Communication Mistakes That Will Damage Your Leadership – Part 1

Communication and leadership go hand in hand. Good communication can motivate people, keep people informed and gain you credibility and respect. When we make communication mistakes, we might find exactly the opposite happens.

In this article, we’ll look at some of the common communication mistakes that I see (and have made myself!) in the workplace.

Communication Mistake #1. Failing to Be Concise and Clear

One of the most common communication mistakes I see is leaders failing to communicate concisely and clearly. Being concise means basically just getting to the point.

If you’re using twenty words where ten will do, then you’re not being concise. If you’re including ten bullet points when you really only care about the top three, then that’s not concise either.

Note: In the interests of being concise, I could stop here … but I feel that it’s beneficial to explain this point further.

When You’re Not Concise, Your Message Takes Longer to Consume

If you send a five page email which contains every single thing you can think of, then you’re probably wasting a lot of people’s time.

The first step is to understand the purpose of your communication.

Why are you communicating? What are you trying to achieve? In general, there are a few main reasons for communicating:

  • To inform people about something, to raise awareness
  • You want people to take action or make a decision based on what you’re communicating; or
  • To gather feedback about something you’re proposing.

Once you know the purpose of your communication, you can then think of the main points that you are trying to communicate, that will help to achieve the outcome you need.

Then you need to communicate these points as simply as possible. Then, people can consume your message quickly, because you’re only communicating the essentials.

Don’t underestimate the multiplier effect of verbose communication. In our example below, you can see that taking an extra 20 minutes to communicate concisely results in an overall reduction of 80 minutes of effort.

Time to Communicate Concisely 2

This example has been constructed to illustrate the point, but I can assure you that I’ve observed exactly this type of situation happen many times in my career.

So the point is, don’t underestimate the magnifier effect of sending out verbose communication to many people who need to take extra time out of their day to understand the message.

It does take longer to be concise, but you’ll save time on the other side, when your audience has to take less time and effort to understand what it all means.

When You’re Not Clear, Your Message Is Harder to Understand

Not only does it take longer to understand your message, but failing to communicate concisely and clearly also makes your message harder to understand.

If you’re writing an email or a different document, be sure to structure it with headings and sections as appropriate, to ensure that the document flows well to improve readability. One poorly formatted long wall of text is difficult to understand.

#2. Not Communicating Enough Information

Another communication mistake that leaders make is failing to provide others with enough information. This isn’t to do with being concise, it’s to do with including the right information to achieve the objectives of your communication.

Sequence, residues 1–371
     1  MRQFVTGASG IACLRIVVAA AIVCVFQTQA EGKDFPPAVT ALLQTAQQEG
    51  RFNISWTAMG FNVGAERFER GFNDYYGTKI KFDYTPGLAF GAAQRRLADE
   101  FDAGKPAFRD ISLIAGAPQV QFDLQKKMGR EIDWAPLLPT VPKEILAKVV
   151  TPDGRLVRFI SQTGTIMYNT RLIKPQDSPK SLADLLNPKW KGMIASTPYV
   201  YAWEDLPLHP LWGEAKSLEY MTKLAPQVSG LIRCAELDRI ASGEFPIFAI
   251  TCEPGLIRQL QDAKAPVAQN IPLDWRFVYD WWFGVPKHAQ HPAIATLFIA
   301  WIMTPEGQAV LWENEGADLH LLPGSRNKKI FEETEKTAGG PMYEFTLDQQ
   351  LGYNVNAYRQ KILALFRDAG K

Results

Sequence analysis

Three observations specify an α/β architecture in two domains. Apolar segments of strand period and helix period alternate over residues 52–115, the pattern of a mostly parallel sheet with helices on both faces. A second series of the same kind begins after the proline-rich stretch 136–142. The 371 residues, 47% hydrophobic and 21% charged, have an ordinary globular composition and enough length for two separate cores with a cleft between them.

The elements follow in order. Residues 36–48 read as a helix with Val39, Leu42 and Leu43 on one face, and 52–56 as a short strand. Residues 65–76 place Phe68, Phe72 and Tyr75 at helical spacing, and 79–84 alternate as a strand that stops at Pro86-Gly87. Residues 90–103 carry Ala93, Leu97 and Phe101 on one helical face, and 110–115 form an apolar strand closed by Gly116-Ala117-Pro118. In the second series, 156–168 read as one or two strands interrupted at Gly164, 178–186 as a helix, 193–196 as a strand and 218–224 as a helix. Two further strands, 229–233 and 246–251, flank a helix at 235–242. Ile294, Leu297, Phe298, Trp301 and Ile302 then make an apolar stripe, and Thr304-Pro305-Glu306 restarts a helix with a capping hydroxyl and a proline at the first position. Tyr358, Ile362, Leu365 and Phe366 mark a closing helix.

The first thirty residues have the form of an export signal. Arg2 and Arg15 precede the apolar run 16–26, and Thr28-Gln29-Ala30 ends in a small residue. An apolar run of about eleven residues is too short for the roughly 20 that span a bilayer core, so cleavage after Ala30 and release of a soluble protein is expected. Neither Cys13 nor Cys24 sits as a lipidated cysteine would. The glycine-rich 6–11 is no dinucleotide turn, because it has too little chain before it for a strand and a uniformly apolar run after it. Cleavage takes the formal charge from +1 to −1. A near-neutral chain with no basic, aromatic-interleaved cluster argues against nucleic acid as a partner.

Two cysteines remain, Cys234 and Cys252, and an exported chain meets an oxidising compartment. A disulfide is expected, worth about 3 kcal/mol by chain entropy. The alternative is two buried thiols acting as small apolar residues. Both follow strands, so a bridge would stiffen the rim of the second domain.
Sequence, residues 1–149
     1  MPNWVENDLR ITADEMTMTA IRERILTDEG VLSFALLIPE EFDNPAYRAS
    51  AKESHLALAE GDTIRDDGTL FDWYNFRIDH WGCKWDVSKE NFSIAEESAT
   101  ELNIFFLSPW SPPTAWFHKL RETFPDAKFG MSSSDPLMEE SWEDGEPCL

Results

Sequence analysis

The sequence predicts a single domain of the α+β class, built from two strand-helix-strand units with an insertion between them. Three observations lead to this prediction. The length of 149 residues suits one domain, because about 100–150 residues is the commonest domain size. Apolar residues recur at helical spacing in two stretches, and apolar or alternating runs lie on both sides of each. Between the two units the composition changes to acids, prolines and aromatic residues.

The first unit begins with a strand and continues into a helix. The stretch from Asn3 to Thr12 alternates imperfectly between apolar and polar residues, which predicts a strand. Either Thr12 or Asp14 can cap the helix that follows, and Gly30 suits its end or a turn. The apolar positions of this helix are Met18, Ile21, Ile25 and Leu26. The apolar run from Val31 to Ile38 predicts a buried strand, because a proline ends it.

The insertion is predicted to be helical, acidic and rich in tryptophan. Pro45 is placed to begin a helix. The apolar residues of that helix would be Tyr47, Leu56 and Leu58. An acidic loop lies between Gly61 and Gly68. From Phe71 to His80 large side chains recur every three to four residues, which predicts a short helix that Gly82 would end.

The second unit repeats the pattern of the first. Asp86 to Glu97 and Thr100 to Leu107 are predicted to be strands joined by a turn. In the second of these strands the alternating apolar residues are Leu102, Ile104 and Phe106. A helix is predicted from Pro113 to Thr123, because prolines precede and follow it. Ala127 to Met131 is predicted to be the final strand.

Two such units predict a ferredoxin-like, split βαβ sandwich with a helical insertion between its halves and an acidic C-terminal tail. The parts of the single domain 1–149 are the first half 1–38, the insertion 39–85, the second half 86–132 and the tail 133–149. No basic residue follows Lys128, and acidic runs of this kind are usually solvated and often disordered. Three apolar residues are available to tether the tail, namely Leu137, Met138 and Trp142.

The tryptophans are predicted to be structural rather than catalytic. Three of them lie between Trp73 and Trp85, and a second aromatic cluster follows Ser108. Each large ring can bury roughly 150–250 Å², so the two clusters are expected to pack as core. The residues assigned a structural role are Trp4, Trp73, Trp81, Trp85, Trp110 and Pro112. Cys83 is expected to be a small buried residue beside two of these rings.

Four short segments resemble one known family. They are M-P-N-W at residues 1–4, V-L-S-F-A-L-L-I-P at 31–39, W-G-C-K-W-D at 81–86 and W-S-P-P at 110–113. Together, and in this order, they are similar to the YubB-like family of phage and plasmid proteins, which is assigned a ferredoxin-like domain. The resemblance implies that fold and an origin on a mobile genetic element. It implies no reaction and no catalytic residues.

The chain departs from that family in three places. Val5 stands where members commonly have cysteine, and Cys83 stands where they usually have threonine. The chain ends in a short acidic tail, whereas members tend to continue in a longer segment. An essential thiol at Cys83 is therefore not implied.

This communication mistake can result in a few side-effects which takes up people’s time and patience:

  • Annoying back-and-forth: Ever been a part of one of those back and forth email chains that could be solved better with a personal conversation? When you don’t communicate enough information, this can happen.
  • Misunderstandings - Communication mistakesMistakes: When you’re communicating information for someone else to take action, it’s important that you include key parameters for what you’d like them to do. Failing to do this might see people act on limited information, and do the wrong thing.
  • Low Motivation: When you don’t communicate information to your team, they may feel like they’re in the dark. This can reduce motivation and make them feel isolated, if they believe they have no visibility of the things happening around them.
  • Micromanagement: If your boss feels like you’re not giving them all the information, you might find that they monitor you more closely. This can turn into micromanagement if they aren’t comfortable that they’re aware of what you’re doing.
  • Wasted Effort:  Didn’t tell your colleagues that your team is working on an important initiative? Whoops – it turns out that the team at the other end of your building has been working on exactly the same thing! Few things ruin motivation more than finding out your work is already being done by somebody else.

These are just a few examples that show some of the dangers of not communicating enough information to your team, your boss and your colleagues.

Stay tuned for a follow up post on communication mistake #3 and how to avoid these communication mistakes.

Would you like to contribute to this topic? As always we would love to hear from you – share with us some lessons learned, thoughts, and/or insights!

Original content shared from Thoughtful Leader by Ben Brearley, BSc, BCM, MBA

Ben Brearley is a leader, manager, MBA, coach and consultant passionate about developing thoughtful and effective leaders, with a focus on improving time management, building leader self-confidence and understanding what motivates team members.

By | 2019-07-31T19:02:38+00:00 August 21, 2019|Leadership Development|